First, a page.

4. Eileen Gardiner on July 30, 2014 at 12:01 am

    Poignant yet heartfelt. As another mum to Type 1 Diabetic children, I totally relate to those same feelings. Beautiful words.

    • helwild on July 30, 2014 at 9:22 am

      Thank you Eileen. Our common journey brings us close.

  5. helwild on July 31, 2014 at 3:11 pm

    Last night Maureen shared with me this beautiful poem that I know many parents of a child with diabetes or indeed any chronic disease could relate to. Maureen’s son was diagnosed with Type 1 diabetes only 8 months ago.

    Maureen has given permission to publish her poem.
    Here it is, with extracts from our conversation.

    “Hi Helen, I love the wisdom in your voice that comes across in your post. My son is 8 months in to this journey and the creative part of me has worked on this little poem in the last few week that i wanted to share with you. I’m not sure why I’m sharing it – it’s been a labour of love and really cathartic for me to write it.

    I lost a layer of skin
    I lost a layer of skin as we entered the hospital on the day of the diagnosis.

    I didn’t feel it fall off.
    It certainly didn’t hurt.
    It gently slipped off with less than a whisper, unnoticed, like a soft, satin scarf.
    I wish I had noticed it leaving.

    I imagine it floating gently over the roofs of nearby houses,
    carrying with it the half formed dreams I alone held for my child,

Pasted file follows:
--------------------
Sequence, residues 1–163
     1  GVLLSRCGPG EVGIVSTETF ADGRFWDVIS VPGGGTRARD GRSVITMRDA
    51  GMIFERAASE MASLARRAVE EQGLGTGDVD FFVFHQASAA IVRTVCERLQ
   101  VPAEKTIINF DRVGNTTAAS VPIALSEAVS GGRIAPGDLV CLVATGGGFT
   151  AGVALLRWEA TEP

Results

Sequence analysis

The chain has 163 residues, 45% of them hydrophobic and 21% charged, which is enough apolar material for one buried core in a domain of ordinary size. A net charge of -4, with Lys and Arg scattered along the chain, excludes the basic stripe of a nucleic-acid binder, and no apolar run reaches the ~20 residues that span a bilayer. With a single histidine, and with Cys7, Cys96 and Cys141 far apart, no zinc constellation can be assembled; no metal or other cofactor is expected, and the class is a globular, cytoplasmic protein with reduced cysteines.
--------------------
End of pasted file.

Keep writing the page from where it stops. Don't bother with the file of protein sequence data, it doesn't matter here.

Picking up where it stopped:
leaving behind only rawness.

    Over days, weeks and months a strange new layer has grown in its place.
    It’s a bizarre contradiction – tough yet sensitive.

    Watching the drops of intense ruby blood makes it want to shred itself
    Glimpsing needles pierce the stomach where raspberries were once blown makes it ache.
    Seeing the sombre eyes of a child learning to cope leaves a hollowness.
    Dragging a weary body through night times of wakefulness leaves it feeling prickly.

    It’s certainly more careworn than the layer it replaces
    but it’s strong and it needs to be.
    It bears the brave scars of battles: some internal and silent, some of epic proportions.
    Hiding the multitude of maternal fears which largely remain unshared has hardened the carapace.

    It has to be tough for the times when it’s all too much for a child who just wants the old normal.
    The old normal isn’t coming back.

    I like to imagine
    that I’ll find that layer of skin again some day and fashion a purpose for it in this new existence,
    for there is hope.

    Maureen Campey
    Maureen is the parent of a child with diabetes, diagnosed 8 months ago. She is a member of one of our Facebook closed groups, and has given permission to publish her poem. We thank her for that. If you would like to chat with others about living with diabetes, you can do so at our Forums, or in one of our many Facebook groups.